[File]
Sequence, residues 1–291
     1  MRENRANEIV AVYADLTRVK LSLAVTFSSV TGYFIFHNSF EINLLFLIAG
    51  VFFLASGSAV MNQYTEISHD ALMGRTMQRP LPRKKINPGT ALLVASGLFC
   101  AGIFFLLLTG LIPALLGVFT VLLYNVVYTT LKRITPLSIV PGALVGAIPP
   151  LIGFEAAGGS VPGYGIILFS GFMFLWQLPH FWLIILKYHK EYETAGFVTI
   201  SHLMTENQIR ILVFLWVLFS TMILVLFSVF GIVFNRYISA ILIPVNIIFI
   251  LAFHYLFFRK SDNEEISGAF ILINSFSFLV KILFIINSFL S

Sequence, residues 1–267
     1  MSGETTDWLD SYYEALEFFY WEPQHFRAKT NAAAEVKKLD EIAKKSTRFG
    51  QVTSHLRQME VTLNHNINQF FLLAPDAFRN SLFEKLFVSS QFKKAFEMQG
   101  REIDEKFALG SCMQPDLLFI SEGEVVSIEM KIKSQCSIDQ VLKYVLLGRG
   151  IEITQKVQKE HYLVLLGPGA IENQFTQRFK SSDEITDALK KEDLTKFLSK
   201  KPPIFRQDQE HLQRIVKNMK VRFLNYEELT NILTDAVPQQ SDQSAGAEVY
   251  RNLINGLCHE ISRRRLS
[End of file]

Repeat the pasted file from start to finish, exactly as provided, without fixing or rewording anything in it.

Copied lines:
Sequence, residues 1–291
     1  MRENRANEIV AVYADLTRVK LSLAVTFSSV TGYFIFHNSF EINLLFLIAG
    51  VFFLASGSAV MNQYTEISHD ALMGRTMQRP LPRKKINPGT ALLVASGLFC
   101  AGIFFLLLTG LIPALLGVFT VLLYNVVYTT LKRITPLSIV PGALVGAIPP
   151  LIGFEAAGGS VPGYGIILFS GFMFLWQLPH FWLIILKYHK EYETAGFVTI
   201  SHLMTENQIR ILVFLWVLFS TMILVLFSVF GIVFNRYISA ILIPVNIIFI
   251  LAFHYLFFRK SDNEEISGAF ILINSFSFLV KILFIINSFL S

Sequence, residues 1–267
     1  MSGETTDWLD SYYEALEFFY WEPQHFRAKT NAAAEVKKLD EIAKKSTRFG
    51  QVTSHLRQME VTLNHNINQF FLLAPDAFRN SLFEKLFVSS QFKKAFEMQG
   101  REIDEKFALG SCMQPDLLFI SEGEVVSIEM KIKSQCSIDQ VLKYVLLGRG
   151  IEITQKVQKE HYLVLLGPGA IENQFTQRFK SSDEITDALK KEDLTKFLSK
   201  KPPIFRQDQE HLQRIVKNMK VRFLNYEELT NILTDAVPQQ SDQSAGAEVY
   251  RNLINGLCHE ISRRRLS